The final aspect of gameplay that I wish to cover is the use of AI companions. At each mistle, you're given the option of several NPCs that can fight alongside you but you're only allowed to have one with you at a time. These companions can feel a little too powerful when you're fighting your rank and file enemy with them frequently killing an enemy that I hadn't even spotted. They aren't quite as powerful when it comes to boss fights but an incredibly powerful ability they have is that they can spend some of their health to resurrect you within a few seconds of dying. While there are some limitations to this such as being on a cooldown, relying on your companion to be on their feet rather than knocked down, being unable to resurrect you if you fall into a bottomless pit etc., it can still end up trivialising many encounters.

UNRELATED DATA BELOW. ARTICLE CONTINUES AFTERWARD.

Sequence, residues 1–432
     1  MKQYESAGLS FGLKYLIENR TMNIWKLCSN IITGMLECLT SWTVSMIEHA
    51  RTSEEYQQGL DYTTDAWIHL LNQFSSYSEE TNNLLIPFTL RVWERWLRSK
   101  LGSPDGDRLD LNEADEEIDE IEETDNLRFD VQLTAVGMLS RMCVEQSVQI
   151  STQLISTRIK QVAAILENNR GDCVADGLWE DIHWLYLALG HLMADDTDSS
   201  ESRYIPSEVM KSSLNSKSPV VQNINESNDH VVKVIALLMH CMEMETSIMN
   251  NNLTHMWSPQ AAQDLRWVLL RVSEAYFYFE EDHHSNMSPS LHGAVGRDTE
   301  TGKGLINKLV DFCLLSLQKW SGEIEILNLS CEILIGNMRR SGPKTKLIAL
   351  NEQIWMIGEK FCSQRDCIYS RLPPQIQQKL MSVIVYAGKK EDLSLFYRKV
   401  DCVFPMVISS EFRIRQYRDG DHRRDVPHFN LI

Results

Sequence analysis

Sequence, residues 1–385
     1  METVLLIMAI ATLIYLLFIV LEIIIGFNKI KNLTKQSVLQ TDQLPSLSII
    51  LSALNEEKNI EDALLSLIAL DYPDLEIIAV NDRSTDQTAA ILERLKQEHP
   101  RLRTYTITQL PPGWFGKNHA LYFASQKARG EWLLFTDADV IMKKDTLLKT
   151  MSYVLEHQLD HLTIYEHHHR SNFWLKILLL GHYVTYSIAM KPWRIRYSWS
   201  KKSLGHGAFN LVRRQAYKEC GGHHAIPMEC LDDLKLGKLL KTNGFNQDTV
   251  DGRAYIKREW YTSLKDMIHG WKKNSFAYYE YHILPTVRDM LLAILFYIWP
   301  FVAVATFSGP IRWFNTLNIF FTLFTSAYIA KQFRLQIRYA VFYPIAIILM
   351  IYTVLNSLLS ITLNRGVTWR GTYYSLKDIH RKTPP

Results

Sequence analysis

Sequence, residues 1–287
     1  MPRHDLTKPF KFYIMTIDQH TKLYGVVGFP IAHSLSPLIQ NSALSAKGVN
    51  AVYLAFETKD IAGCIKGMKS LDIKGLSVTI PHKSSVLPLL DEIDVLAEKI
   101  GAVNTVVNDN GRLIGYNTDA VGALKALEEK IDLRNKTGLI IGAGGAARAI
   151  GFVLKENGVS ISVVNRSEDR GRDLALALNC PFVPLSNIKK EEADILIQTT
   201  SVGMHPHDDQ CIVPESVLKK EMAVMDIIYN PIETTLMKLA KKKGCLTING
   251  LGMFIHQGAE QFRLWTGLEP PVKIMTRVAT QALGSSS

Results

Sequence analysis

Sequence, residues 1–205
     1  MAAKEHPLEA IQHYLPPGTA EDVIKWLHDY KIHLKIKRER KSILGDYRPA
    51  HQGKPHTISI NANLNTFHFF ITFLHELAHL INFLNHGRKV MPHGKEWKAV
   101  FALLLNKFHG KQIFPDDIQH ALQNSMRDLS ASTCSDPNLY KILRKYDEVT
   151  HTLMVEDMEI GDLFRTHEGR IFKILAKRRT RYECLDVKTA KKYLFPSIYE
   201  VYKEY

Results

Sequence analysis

Graphically, the game is a mixed bag. Character designs are generally good and there's a pleasant use of colour throughout the game. However, many enemy designs feel quite typical and uninspired and even bosses end up looking quite lacklustre. The environments also felt lacking in detail and design and I would occasionally have my flow broken as I observed the area and noted how several aspects of the level failed to blend together. The animation is decent even if it felt a little too weightless at times but something that I found quite frequent in the game was texture pop-in in cutscenes where textures appear blurry for a little bit before loading in higher resolution. When I saw this, I immediately realised that the game had been developed on Unreal Engine, notorious for it's issue of texture pop-in. While the graphics of the game suffice, I think that many components of it could be greatly improved if there ever turns out to be a sequel.